Brush up on these mortgage basics to help you determine the loan that will best suit your needs.
- Mortgage terms. Mortgages are generally available at 15-, 20-, or 30-year terms. In general, the longer the term, the lower the monthly payment. However, you pay more interest overall if you borrow for a longer term.
- Fixed or adjustable interest rates. A fixed rate allows you to lock in a low rate as long as you hold the mortgage and, in general, is usually a good choice if interest rates are low. An adjustable-rate mortgage is designed so that your loan’s interest rate will rise as market interest rates increase. ARMs usually offer a lower rate in the first years of the mortgage. ARMs also usually have a limit as to how much the interest rate can be increased and how frequently they can be raised. These types of mortgages are a good choice when fixed interest rates are high or when you expect your income to grow significantly in the coming years.
- Balloon mortgages. These mortgages offer very low interest rates for a short period of time — often three to seven years. Payments usually cover only the interest so the principal owed is not reduced. However, this type of loan may be a good choice if you think you will sell your home in a few years.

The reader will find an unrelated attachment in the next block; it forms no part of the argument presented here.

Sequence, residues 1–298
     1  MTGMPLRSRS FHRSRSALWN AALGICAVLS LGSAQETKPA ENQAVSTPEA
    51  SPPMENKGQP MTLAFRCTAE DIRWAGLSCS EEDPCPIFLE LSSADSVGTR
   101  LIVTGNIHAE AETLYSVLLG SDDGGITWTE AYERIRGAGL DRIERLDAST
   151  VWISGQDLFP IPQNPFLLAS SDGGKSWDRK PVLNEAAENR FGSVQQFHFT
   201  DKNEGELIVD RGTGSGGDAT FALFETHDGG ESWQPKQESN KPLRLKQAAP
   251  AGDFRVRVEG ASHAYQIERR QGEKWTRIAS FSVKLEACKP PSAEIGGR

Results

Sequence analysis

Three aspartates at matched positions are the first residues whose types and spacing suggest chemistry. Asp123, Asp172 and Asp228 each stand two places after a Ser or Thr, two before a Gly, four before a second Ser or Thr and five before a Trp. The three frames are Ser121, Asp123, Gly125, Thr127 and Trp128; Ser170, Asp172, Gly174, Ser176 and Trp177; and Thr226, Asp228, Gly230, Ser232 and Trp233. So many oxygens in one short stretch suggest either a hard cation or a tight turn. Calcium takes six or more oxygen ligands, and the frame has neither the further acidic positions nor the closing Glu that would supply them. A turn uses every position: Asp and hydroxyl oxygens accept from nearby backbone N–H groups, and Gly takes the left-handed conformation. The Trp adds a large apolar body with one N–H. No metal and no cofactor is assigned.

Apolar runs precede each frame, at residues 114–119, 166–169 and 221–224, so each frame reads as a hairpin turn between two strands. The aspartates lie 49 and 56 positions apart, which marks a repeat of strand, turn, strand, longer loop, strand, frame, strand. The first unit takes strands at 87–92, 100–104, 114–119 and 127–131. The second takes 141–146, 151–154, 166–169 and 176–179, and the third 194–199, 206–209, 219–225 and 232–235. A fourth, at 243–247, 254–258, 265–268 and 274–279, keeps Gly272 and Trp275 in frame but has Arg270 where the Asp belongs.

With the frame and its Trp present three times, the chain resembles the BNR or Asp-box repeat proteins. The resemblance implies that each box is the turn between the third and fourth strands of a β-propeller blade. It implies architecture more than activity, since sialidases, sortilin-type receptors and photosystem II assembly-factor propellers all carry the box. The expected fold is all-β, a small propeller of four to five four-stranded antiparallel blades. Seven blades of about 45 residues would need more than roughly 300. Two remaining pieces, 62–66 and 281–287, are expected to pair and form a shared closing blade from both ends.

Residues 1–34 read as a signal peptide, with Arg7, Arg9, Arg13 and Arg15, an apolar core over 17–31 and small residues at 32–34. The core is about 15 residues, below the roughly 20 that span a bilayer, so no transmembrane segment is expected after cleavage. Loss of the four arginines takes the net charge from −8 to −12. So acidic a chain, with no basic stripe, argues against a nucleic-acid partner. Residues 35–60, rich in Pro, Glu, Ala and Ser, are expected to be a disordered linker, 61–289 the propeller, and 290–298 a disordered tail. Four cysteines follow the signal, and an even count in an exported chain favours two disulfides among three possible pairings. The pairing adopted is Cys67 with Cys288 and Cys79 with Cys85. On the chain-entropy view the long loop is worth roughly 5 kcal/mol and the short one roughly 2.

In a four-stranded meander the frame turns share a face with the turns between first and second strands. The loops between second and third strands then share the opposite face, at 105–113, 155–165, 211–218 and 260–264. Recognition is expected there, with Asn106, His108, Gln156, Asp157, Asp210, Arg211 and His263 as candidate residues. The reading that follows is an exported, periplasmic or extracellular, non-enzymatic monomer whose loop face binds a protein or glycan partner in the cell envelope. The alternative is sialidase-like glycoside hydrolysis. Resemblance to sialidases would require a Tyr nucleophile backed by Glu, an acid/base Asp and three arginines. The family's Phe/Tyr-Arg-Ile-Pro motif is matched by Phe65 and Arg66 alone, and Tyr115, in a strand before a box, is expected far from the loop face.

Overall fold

- Government-backed loans. These loans are sponsored by agencies such as the Federal Housing Administration or the Department of Veterans Affairs and offer special terms, including lower down payments or reduced interest rates to qualified buyers.
Slight variations in interest rates, loan amounts, and terms can significantly affect your monthly payment. For help in determining how much your monthly payment will be for various loan amounts, use Fannie Mae’s online mortgage calculators.
Source: National Association of REALTORS®
Credit scores range between 300 and 850, with scores above 620 considered desirable for obtaining a mortgage. The following factors affect your score:
- Your payment history. Did you pay your credit card obligations on time? If they were late, then how late? Bankruptcy filing, liens, and collection activity also impact your history.
- How much you owe. If you owe a great deal of money on numerous accounts, it can indicate that you are overextended. However, it’s a good thing if you have a good proportion of balances to total credit limits.
- The length of your credit history. In general, the longer you have had accounts opened, the better. The average consumer’s oldest obligation is 14 years old, indicating that he or she has been managing credit for some time, according to Fair Isaac Corp., and only one in 20 consumers have credit histories shorter than 2 years.
- How much new credit you have. New credit, either installment payments or new credit cards, are considered more risky, even if you pay them promptly.